So, I had intended to get some nice pictures of me wearing the cardigan I had spent over a year making. These very nice pictures would have been taken outside, amid trees and fallen leaves, during a time of day when the light is golden autumnal and super flattering to my well-rested and made up face. But this is not my life. My life is more grit and mess and blinding light than that, thanks mostly to a three-year-old who has gotten his hands on the camera again and has switched the flash to his favourite setting, on. It’s just like a renegade Marc Jacobs ad campaign around here.
The story of this cardigan, like a lot of things, started back when I was pregnant. For the first time in my life, I was struck by the urge to knit. The last time I had knit (or knitted? or knitteded?), I was in primary school and I hated it. For one, I had the hands of an eight year old that cooperated with neither needles nor yarn, but mostly I hated it because while we, little housewives in the making that we were, stayed inside, knittin’ and sewin’, the boys in our class got to go outside to play hurlin’ and football. Thankfully, by the time I was in sixth class, a bit of enlightenment had crept in and we all had to do both knittin’ and sewin’ and hurlin’ and football but I’m fairly sure the sports won out, and that’s what we ended up doing for the rest of the year. I never knit again.
Almost thirty years later, though, as my belly got bigger, my hands got itchier to knit something, anything. Well, I say anything but I mean booties, whatever they’re for these days since don’t most babies wear babygros? Anyway, I bought a book called Vintage Knits for Modern Babies (pixie hats! booties! baby bunny rabbits!), a lovely book that sat looking lovely on my bookshelf for about a year and a half until the day it occurred to me that I really was a housewife now and maybe I should really be a stereotypical housewife and take up knitting. So, I signed up to for a class. I think I was half hoping that I wouldn’t like it that much, that I’d just take these few classes and then drop it because the whole idea was really only based on cultural conditioning and silly hormones. Wasn’t it?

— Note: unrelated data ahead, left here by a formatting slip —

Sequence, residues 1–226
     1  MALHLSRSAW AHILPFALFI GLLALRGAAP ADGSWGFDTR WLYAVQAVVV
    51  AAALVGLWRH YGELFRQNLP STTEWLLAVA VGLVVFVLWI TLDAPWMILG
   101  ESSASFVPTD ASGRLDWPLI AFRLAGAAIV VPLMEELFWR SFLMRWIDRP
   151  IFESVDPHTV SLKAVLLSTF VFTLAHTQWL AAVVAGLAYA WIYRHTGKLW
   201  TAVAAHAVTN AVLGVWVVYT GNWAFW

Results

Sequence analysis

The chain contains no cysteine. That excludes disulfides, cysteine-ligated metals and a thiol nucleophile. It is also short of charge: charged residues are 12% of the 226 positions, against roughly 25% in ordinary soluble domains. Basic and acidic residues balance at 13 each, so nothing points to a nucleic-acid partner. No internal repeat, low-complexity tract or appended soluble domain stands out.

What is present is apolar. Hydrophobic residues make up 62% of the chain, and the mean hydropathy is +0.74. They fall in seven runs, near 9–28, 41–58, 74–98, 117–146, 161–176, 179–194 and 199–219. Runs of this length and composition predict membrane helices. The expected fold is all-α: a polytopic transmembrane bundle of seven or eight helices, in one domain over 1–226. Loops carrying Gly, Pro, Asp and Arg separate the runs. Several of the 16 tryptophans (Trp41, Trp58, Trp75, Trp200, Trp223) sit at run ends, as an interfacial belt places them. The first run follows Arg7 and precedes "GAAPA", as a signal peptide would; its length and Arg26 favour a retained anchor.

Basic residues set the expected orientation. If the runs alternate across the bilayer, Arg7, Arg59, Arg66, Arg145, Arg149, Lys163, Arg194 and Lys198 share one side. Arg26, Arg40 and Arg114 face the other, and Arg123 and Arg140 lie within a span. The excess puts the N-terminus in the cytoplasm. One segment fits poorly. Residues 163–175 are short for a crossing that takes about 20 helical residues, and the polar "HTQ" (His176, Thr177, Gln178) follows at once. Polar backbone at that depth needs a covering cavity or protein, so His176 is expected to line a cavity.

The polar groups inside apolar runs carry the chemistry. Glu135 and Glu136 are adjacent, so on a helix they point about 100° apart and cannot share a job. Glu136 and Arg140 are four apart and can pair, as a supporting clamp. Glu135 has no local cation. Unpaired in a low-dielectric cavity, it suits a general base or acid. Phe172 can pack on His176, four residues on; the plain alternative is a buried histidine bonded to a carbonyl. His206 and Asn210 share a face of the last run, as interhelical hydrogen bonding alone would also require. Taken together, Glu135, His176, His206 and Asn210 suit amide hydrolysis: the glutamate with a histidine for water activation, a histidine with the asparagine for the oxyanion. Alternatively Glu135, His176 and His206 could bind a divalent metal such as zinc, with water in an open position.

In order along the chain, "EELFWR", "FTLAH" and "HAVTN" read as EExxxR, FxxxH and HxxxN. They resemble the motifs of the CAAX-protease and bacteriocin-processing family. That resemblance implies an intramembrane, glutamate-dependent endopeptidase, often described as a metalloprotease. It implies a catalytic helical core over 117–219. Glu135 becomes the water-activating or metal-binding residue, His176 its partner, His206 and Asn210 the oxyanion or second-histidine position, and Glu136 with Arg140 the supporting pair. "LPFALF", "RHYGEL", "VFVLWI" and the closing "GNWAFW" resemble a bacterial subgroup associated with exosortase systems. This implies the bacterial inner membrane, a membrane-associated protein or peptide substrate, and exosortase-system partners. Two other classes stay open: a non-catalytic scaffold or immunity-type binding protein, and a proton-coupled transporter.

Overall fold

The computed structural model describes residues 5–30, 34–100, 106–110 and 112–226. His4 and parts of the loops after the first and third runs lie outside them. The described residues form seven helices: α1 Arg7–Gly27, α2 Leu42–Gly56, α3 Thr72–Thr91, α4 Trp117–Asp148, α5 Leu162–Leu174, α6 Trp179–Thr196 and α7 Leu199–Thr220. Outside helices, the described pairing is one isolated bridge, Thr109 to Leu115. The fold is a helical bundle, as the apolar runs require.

As it turns out, not only could I knit but I loved it, too. There was the occupation of my hands, the following of a pattern, the checking of YouTube tutorials, the keen level of concentration. None of it was relaxing, and I could never understand when other people in the class said that it was. I knew that what they were referring to was the cosy image of the granny with her beatific smile sitting in her rocking chair, a pot of tea by her side, maybe a few cats as well, her needles click clacking away. My reality, however, was very different; I found it stressful, the skin on my fingers became dry, sometimes to the point of bleedy, carpel tunnel was always a threat. But in time, the act of knitting did become therapeutic, the oddly automatic working of my hands tempering the spinning in my mind.
This left room for me to get really ambitious. (And watch telly at the same time!) After knitting Boone a hat (pixie, of course), a stripey jumper and a few other baby things, I got really, really ambitious and decided to knit something for an adult, that adult being me. After a few awkward attempts, I eventually landed on the designer Kim Hargreaves and ‘Bud,’ the boyfriend cardigan in these pictures.